So that’s my trick. Perhaps you think it's silly.  Or perhaps everyone else in the world already knew about it, but I had to figure it out on my own. It might be a month or so before I know if it helps, but for now I’m hopeful. 

P.S. In case some of you are wondering why I don’t just write the story in first person and be done with it, I have two responses. First, I prefer writing in third person, at least for now, and second, I think my current story works better in third.

Doesn’t mean I won’t be writing in first person in the future, though. :)


Friday, April 17, 2015

Seven Writing Links -- Volume 72

I'm really looking forward to a nice relaxing weekend.  The Midwest Media Expo is over and my taxes are finished.  Woohoo!  Time to catch up on some sleep!

The Expo was fun, although tiring, especially since I  helped my daughter carry parts of her Enderdragon costume around with her all day.  But it was all worth it in the end.
I'm happy to report she won an award for her costume.

The Enderdragon costume with retractable wings
My son as Balloon Boy from Five Nights at Freddy's

Happiness after the award.

And to top it all off, I think I'm finally making some progress on the chapter that's been plaguing me for weeks.  Good news all around!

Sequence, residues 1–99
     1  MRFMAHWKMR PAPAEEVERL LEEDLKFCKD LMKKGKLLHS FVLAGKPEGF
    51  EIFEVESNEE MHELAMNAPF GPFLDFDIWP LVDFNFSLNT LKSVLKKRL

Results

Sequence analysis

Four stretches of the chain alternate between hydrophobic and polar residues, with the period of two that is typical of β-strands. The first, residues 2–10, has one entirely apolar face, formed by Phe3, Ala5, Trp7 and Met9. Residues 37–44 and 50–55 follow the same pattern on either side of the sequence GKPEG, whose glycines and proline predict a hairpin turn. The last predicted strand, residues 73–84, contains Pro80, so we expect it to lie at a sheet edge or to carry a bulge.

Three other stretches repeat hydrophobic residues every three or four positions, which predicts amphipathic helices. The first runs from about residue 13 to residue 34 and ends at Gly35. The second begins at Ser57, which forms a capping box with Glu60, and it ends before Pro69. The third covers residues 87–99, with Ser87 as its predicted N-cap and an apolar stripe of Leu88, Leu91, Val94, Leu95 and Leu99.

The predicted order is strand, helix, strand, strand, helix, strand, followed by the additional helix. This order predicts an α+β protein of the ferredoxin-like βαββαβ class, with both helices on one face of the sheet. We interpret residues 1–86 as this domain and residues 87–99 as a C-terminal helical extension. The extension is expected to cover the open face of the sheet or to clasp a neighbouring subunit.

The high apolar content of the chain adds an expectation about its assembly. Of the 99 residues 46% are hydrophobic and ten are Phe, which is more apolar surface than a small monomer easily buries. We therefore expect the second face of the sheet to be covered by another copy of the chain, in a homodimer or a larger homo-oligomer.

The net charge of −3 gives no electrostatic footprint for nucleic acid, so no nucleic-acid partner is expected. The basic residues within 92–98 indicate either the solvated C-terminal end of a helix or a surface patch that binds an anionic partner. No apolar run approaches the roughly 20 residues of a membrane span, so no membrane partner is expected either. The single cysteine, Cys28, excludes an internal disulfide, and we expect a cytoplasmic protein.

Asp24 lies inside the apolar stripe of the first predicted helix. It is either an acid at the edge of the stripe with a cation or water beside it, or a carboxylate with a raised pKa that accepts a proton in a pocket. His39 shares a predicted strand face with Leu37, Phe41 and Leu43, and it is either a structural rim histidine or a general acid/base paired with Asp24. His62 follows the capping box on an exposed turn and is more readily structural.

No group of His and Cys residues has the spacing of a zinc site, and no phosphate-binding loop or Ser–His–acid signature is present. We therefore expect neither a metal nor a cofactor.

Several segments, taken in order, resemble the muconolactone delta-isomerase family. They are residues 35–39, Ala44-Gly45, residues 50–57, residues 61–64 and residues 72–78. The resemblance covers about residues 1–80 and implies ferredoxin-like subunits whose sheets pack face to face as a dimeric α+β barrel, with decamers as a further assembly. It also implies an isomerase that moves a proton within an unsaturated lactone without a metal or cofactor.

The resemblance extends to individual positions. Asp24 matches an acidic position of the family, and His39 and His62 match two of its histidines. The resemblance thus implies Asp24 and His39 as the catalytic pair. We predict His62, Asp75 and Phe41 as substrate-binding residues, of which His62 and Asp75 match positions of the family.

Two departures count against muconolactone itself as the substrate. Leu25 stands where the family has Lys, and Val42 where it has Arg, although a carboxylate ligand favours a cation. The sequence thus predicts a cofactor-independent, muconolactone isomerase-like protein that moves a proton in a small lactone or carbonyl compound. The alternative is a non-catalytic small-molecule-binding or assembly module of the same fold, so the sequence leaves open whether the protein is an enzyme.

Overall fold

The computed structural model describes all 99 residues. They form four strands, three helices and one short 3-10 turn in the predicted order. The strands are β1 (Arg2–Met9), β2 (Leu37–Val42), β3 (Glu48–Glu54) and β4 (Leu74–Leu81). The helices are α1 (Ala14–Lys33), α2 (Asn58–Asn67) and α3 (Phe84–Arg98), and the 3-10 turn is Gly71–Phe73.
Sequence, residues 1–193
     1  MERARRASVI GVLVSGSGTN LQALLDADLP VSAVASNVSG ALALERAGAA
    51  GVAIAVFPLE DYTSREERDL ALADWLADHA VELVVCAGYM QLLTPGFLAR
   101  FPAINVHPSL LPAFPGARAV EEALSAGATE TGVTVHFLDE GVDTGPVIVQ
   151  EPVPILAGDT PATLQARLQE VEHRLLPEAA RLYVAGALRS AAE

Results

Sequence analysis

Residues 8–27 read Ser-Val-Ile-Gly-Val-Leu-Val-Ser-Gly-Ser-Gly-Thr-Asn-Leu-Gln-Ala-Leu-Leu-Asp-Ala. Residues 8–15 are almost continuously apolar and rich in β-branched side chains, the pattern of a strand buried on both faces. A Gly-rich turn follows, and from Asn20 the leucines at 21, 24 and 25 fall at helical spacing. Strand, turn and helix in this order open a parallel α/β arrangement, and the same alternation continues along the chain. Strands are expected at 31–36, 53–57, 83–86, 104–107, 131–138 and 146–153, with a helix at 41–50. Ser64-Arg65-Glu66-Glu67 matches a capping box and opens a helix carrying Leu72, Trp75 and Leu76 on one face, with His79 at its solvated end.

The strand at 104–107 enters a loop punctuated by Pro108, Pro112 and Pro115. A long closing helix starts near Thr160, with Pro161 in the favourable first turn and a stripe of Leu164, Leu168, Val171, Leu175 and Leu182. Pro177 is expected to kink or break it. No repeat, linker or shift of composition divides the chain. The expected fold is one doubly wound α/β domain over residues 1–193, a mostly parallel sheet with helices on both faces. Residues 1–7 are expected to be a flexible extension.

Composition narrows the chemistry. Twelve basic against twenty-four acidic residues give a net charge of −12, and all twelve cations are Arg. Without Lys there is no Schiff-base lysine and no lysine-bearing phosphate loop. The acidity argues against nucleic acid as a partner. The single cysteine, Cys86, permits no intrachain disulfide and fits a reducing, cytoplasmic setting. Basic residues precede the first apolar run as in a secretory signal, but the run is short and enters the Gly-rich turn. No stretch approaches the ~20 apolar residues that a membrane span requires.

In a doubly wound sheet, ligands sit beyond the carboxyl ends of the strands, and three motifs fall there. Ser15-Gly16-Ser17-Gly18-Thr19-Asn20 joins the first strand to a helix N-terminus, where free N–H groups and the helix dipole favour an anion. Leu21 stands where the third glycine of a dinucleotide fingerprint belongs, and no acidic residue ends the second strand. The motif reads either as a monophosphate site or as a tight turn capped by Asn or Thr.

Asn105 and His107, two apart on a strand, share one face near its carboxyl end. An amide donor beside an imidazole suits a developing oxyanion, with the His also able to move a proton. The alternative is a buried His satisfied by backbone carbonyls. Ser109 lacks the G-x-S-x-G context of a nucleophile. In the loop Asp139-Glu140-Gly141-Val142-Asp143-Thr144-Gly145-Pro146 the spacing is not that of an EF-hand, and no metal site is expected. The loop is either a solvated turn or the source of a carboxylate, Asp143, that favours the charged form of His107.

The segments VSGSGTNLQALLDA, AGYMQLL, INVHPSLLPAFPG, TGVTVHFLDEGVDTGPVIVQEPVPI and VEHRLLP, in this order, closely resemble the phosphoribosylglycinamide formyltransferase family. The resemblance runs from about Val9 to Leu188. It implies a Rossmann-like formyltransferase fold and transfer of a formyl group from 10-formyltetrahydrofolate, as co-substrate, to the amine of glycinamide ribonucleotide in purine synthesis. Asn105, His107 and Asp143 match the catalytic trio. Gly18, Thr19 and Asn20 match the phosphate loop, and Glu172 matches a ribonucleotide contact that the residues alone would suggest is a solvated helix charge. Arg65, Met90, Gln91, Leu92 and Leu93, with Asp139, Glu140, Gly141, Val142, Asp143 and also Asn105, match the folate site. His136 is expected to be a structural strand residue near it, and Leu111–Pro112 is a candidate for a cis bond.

Have a great weekend and enjoy the links.


Afraid Your Book Is Boring? Your Characters May Not Be Doing This One Important Thing

Eleven Things You Should Know About Query Letters

Does Your Author Website Have The Essentials To Attract Readers And Sell Your Books?

Making “Sense” of Your Characters

The Two-Edged Sword of Backstory in Dialog

3 Ways to Use Pinterest to Promote Your Book

Indie authors: are you making these mistakes with your print books? How to look professional on the page

Wednesday, April 15, 2015

The Guilty Pleasures of Fan Fiction

If you’ve read my bio, you might know I tumbled into writing somewhat accidentally. While speculating how J.K. Rowling might go about starting up another series based on the Harry Potter universe, I discovered how much fun it was to write fantasy. So for the last six years, I’ve been working on my Hogwarts story, learning everything I could about writing to make the story the best it could be. Six years may seem like a long time for a book, but I had a LOT to learn, and each new rule I discovered often meant a major rewrite. And a couple of years ago I decided I should also start working on my own stories, so my time has been split between multiple manuscripts.

To be honest, working on my Hogwarts story often feels like a guilty pleasure. Rowling didn’t worry overmuch about telling vs showing, employed a distant narrator who knew things Harry sometimes didn’t, and seasoned her story with plenty of colorful dialogue tags. (All supposed no-nos in writing) And since I made the decision to match her style of writing in my fan fiction, I don’t obsess too much over these rules, which means the writing comes naturally.